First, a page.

HC Deb 22 December 1915 vol 77 c486
97. Sir A. MARKHAM

asked the Secretary to the Treasury whether he is aware in the recent case of Vanmeel v. the King, in which the Government undertook to pay £9,500 and costs, that Mr. Justice Scrutton expressed the hope that the results of all the commercial contracts entered into by the Government were not as disastrous as in this case; will he say what was the contract referred to as disastrous by Mr. Justice Scrutton; why the State has been called on to pay the sum of £9,500 to Mr. Vanmeel; and who is Mr. Vanmeel?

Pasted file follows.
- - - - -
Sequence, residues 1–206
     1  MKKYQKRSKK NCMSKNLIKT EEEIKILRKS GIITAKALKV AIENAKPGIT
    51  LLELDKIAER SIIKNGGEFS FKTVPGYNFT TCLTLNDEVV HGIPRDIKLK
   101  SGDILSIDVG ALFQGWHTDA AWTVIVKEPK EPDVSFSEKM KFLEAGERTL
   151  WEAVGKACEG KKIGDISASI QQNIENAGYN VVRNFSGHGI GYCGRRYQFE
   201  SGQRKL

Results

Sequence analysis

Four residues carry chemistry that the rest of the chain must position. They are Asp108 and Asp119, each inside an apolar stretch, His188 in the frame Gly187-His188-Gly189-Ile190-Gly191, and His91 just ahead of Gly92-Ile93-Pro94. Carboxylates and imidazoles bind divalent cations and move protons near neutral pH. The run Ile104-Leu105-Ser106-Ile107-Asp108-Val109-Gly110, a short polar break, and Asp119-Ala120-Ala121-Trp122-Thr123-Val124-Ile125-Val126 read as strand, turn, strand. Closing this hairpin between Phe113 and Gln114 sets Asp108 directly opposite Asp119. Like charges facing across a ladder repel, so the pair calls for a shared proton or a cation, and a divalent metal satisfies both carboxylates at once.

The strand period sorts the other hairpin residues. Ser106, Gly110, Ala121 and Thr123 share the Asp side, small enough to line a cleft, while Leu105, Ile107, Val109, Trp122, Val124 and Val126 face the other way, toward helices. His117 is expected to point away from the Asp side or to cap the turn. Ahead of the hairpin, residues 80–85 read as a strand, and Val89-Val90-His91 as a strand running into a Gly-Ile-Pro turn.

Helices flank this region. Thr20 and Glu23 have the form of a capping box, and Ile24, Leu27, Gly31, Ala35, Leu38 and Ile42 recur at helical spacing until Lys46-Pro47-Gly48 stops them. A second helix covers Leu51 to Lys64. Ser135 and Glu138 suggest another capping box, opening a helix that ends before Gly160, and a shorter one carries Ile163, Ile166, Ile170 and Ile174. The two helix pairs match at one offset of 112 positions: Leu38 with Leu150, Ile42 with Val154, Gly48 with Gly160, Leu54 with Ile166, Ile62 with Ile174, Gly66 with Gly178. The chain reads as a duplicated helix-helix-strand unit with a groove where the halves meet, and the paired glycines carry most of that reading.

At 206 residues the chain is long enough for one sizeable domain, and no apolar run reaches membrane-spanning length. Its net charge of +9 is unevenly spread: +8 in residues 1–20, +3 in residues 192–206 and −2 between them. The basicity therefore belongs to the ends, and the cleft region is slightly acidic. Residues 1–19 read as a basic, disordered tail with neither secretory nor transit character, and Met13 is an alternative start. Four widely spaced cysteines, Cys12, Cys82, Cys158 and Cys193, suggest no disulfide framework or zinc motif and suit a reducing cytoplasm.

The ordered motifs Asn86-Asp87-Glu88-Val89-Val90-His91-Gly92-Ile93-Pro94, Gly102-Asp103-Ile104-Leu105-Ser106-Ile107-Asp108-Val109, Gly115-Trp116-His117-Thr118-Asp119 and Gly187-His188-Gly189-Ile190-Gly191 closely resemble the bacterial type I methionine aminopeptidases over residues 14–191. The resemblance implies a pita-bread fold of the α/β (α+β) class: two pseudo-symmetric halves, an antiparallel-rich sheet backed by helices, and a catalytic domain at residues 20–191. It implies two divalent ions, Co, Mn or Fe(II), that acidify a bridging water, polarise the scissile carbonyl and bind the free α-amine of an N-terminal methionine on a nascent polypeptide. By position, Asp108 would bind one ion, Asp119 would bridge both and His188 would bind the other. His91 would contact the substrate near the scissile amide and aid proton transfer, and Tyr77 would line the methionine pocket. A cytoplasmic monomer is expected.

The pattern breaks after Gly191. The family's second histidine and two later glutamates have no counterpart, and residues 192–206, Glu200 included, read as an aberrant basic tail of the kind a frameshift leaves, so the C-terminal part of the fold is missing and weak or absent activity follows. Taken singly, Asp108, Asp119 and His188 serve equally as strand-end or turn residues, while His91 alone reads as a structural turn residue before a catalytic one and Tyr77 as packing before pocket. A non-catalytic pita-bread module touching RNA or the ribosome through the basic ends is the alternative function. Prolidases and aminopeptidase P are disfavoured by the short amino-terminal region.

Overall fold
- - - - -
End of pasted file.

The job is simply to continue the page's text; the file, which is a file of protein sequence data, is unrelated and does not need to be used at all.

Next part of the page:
Mr. Vanmeel is a Dutch gentleman in business in Amsterdam. In September, 1914, the Sugar Commission entered into negotiations with him for purchase of sugar from Holland, to be delivered in September and October. The dates of delivery were of the essence of the arrangement, and Mr. Vanmeel having failed to deliver any of the sugar in September, the Commission declined to proceed further with the business. Thereupon he brought an action against the Commission. Before trial, the Commission was advised that the correspondence constituted a legal contract, of which the whole could not be terminated because of a failure in part; and the case was, therefore, settled out of Court. None of the facts were brought before the Court, so that the judge's remarks cannot be regarded as conveying any comment upon them.